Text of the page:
In physics, a coupling constant or gauge coupling parameter (or, more simply, a coupling), is a number that determines the strength of the force exerted in an interaction. Usually, the Lagrangian or the Hamiltonian of a system describing an interaction can be separated into a kinetic part and an interaction part. The coupling constant determines the strength of the interaction part with respect to the kinetic part, or between two sectors of the interaction part. For example, the electric charge of a particle is a coupling constant that characterizes an interaction with two charge-carrying fields and one photon field (hence the common Feynman diagram with two arrows and one wavy line). Since photons carry electromagnetism, this coupling determines how strongly electrons feel such a force, and has its value fixed by experiment.
|Quantum field theory|
A coupling plays an important role in dynamics. For example, one often sets up hierarchies of approximation based on the importance of various coupling constants. In the motion of a large lump of magnetized iron, the magnetic forces may be more important than the gravitational forces because of the relative magnitudes of the coupling constants. However, in classical mechanics, one usually makes these decisions directly by comparing forces.
Couplings arise naturally in a quantum field theory. A special role is played in relativistic quantum theories by couplings that are dimensionless; i.e., are pure numbers. An example of a dimensionless such constant is the fine-structure constant,
where e is the charge of an electron, is the permittivity of free space, ℏ is the reduced Planck constant and c is the speed of light. This constant is proportional to the square of the coupling strength of the charge of an electron to the electromagnetic field.
(where G is the gauge field tensor) in some conventions. In another widely used convention, G is rescaled so that the coefficient of the kinetic term is 1/4 and appears in the covariant derivative. This should be understood to be similar to a dimensionless version of the elementary charge defined as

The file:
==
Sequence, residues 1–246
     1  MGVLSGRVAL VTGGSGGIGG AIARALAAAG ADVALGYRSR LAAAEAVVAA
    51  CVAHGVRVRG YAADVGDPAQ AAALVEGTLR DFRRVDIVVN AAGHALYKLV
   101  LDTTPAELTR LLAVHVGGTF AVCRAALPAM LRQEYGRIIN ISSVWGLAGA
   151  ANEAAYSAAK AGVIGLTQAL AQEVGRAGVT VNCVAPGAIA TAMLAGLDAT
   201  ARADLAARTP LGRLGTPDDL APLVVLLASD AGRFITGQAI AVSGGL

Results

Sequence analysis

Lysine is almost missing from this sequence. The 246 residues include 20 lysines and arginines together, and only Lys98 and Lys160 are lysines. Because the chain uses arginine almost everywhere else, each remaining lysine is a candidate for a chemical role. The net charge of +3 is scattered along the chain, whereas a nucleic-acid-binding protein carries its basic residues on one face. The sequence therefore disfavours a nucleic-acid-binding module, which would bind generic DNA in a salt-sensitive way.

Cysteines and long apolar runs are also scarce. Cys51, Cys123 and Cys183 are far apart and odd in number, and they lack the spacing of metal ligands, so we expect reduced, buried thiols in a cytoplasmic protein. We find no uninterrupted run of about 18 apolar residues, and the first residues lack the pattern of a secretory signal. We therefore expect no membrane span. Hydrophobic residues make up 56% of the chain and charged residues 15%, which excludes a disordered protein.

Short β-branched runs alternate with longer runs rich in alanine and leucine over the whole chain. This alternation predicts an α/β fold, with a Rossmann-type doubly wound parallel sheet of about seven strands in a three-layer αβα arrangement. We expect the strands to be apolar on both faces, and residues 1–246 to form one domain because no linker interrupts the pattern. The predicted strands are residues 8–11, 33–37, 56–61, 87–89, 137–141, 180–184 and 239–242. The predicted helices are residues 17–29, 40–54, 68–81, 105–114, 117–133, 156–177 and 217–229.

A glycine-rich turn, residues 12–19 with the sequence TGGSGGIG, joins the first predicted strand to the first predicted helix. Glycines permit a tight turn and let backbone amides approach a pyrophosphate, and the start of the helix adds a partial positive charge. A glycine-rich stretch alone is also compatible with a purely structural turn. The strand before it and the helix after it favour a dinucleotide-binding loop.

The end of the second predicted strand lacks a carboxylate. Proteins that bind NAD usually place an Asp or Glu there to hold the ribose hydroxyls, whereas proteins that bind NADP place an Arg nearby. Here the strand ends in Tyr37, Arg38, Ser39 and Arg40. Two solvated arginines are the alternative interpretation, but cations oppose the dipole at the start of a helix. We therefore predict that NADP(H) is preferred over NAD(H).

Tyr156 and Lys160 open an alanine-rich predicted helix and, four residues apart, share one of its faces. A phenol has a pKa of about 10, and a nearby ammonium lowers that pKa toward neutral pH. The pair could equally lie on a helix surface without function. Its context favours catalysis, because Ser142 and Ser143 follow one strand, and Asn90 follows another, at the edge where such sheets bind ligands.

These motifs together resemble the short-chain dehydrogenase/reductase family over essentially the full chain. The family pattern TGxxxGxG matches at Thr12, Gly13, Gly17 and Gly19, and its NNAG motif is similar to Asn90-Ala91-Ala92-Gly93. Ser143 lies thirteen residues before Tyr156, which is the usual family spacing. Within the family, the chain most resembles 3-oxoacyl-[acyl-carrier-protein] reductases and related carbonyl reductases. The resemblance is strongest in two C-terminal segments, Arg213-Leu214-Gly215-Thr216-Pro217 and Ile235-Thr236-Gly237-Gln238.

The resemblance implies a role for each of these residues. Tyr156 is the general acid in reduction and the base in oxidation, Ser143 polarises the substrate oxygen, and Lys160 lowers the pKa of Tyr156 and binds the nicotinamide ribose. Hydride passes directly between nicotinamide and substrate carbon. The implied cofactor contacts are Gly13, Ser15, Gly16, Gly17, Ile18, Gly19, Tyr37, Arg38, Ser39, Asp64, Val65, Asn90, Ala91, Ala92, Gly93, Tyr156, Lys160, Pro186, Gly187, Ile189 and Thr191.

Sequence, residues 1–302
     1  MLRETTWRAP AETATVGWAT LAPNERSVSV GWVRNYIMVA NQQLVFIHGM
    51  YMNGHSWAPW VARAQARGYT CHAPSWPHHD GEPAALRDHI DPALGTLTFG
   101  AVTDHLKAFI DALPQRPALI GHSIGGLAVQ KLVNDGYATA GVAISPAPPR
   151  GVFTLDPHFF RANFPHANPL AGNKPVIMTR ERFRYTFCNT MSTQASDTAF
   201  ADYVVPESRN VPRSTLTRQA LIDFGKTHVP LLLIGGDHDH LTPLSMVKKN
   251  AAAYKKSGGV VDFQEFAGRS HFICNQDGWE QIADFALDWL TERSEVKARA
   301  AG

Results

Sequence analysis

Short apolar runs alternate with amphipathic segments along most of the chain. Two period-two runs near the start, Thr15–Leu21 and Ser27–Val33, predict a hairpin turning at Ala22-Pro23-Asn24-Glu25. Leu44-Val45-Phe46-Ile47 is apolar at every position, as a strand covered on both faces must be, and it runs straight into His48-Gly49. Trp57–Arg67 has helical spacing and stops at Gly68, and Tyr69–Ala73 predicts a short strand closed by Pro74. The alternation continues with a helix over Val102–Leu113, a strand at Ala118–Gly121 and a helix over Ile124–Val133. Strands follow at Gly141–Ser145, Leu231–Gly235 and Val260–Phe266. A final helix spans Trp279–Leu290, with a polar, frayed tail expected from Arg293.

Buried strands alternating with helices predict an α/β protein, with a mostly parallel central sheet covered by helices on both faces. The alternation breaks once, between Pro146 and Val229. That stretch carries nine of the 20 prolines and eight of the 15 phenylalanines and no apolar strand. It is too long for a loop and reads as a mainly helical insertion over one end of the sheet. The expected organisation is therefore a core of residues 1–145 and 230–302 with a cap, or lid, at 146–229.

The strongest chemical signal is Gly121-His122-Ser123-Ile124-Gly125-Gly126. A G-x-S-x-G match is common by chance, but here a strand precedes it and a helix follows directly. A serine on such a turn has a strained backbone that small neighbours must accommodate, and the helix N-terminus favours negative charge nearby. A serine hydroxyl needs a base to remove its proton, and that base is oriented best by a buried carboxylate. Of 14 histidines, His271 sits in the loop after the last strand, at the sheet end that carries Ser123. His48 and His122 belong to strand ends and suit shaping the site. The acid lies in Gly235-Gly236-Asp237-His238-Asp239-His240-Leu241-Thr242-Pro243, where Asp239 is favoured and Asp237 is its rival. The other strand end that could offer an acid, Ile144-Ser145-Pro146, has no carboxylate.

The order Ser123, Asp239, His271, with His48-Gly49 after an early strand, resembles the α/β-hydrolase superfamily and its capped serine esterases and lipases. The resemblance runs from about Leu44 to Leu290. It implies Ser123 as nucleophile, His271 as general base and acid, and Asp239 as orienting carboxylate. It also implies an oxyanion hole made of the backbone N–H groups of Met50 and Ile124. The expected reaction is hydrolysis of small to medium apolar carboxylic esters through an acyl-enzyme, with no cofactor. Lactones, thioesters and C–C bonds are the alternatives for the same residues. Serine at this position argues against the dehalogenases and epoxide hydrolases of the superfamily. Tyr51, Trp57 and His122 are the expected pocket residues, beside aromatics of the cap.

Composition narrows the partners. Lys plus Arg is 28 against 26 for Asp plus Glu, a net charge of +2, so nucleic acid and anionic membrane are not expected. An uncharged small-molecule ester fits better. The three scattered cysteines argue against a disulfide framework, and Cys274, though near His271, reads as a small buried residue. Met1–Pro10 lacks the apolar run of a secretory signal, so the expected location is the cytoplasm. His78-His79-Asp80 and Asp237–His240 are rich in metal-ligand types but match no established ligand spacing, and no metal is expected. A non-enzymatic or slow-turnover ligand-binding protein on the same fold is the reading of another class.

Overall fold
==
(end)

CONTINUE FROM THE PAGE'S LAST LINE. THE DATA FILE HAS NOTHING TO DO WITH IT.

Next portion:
Weak and strong coupling
In a quantum field theory with a dimensionless coupling g, if g is much less than 1, the theory is said to be weakly coupled. In this case, it is well described by an expansion in powers of g, called perturbation theory. If the coupling constant is of order one or larger, the theory is said to be strongly coupled. An example of the latter is the hadronic theory of strong interactions (which is why it is called strong in the first place). In such a case, non-perturbative methods need be used to investigate the theory.
One may probe a quantum field theory at short times or distances by changing the wavelength or momentum, k, of the probe used. With a high frequency (i.e., short time) probe, one sees virtual particles taking part in every process. This apparent violation of the conservation of energy may be understood heuristically by examining the uncertainty relation
which virtually allows such violations at short times.
The previous remark only applies to some formulations of quantum field theory, in particular, canonical quantization in the interaction picture. In other formulations, the same event is described by "virtual" particles going off the mass shell. Such processes renormalize the coupling and make it dependent on the energy scale, μ, at which one observes the coupling. The dependence of a coupling g(μ) on the energy-scale is known as "running of the coupling". The theory of the running of couplings is given by the renormalization group, though it should be kept in mind that the renormalization group is a more general concept describing any sort of scale invariance in a physical system (see the full article for details).